6. Hindeloopen

Over the dyke on to the lake

6. Hindeloopen

Over the dyke on to the lake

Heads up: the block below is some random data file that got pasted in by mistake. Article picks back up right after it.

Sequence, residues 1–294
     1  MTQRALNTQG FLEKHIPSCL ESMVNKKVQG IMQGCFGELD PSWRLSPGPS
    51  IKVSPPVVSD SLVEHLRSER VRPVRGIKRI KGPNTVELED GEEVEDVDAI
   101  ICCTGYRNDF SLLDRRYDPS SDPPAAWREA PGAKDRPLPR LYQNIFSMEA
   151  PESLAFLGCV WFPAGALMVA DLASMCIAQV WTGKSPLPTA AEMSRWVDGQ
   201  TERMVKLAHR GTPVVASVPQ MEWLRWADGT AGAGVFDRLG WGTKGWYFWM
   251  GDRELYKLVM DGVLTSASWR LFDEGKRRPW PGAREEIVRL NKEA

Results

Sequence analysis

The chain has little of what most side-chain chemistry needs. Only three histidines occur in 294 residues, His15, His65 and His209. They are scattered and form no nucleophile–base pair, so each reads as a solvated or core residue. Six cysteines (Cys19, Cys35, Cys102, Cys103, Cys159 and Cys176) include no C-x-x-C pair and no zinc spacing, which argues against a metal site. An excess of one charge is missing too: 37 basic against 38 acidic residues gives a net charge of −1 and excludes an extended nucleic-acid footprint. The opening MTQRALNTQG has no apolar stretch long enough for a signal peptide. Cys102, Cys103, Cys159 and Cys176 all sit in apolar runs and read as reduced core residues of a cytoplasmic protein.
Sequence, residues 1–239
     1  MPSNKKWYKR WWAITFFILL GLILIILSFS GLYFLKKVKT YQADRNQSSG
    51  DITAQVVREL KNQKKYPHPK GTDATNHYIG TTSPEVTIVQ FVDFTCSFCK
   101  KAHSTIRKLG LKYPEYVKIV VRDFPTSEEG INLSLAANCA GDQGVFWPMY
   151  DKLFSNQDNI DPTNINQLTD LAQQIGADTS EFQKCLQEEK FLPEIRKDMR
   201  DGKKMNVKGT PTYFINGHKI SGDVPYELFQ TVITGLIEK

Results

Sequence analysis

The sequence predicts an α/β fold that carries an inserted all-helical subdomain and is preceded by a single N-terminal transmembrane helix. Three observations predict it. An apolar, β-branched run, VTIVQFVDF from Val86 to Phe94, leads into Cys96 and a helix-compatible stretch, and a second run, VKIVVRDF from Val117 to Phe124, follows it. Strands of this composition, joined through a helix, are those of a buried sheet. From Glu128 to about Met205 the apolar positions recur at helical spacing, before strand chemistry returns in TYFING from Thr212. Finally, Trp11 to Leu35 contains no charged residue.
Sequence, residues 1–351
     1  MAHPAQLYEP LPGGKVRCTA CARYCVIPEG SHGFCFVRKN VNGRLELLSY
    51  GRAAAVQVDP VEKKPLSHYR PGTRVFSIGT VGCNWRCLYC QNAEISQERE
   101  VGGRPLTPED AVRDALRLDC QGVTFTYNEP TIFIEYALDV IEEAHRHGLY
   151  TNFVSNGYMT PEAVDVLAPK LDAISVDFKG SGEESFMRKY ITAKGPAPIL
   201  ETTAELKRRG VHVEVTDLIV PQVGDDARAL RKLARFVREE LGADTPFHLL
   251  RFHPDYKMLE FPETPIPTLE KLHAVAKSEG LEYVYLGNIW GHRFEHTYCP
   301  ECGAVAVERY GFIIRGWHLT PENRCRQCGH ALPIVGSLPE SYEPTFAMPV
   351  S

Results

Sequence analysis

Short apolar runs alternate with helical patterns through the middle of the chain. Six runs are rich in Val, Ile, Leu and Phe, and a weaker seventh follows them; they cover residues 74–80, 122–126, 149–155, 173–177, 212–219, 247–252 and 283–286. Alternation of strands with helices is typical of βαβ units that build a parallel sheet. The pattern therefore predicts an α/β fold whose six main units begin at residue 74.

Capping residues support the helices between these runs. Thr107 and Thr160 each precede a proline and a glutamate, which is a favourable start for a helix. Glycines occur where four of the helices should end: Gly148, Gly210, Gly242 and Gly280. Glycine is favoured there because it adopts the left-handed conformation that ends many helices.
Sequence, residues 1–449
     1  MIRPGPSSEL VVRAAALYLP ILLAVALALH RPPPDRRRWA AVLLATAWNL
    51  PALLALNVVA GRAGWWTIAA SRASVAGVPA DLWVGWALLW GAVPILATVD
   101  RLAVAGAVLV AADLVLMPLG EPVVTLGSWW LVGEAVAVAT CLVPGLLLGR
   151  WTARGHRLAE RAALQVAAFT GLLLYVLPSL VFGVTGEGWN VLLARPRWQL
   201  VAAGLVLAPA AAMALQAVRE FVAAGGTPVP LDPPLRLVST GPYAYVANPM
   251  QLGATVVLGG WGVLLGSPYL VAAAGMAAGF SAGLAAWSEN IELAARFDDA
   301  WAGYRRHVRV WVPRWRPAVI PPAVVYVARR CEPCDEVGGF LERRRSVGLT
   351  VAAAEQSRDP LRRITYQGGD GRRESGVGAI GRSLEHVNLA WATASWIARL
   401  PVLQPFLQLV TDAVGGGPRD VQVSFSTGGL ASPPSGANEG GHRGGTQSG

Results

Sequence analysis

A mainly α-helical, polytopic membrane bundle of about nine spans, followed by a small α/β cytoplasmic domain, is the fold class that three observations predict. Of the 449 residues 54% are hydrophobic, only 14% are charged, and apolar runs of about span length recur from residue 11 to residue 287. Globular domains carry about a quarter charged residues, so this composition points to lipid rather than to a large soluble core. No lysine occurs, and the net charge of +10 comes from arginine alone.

Listen Henk Gemser: “That was still on the landside of the dyke, but after Hindeloopen we had to go through the harbour on to the IJssel Lake. That’s when it really started. The wind became stronger and stronger and was blowing straight against us. And it also began to snow. It was really like Siberia. Every now and then you saw another skater in the distance. In all anonymity you grabbed hold of him – figuratively speaking of course – and then you skated together for some time. So, taking over the lead, first one and then the other, in my case mostly the other, who needed a pause or couldn’t keep up with the tempo. Then he let go, and then you went on alone again. Looking for someone else you could perhaps skate to. And whom you would then leave behind again.” Kees Bovée: “Walking over the dyke, we saw it. Straight into the wind (force 6 or 7) and without any shelter. That was very hard. You wished you could creep behind someone’s back to get out of the wind a bit. So a sigh of relief was heaved when we got close to the dyke at Workum.” Photo: Walking on skates through Hindeloopen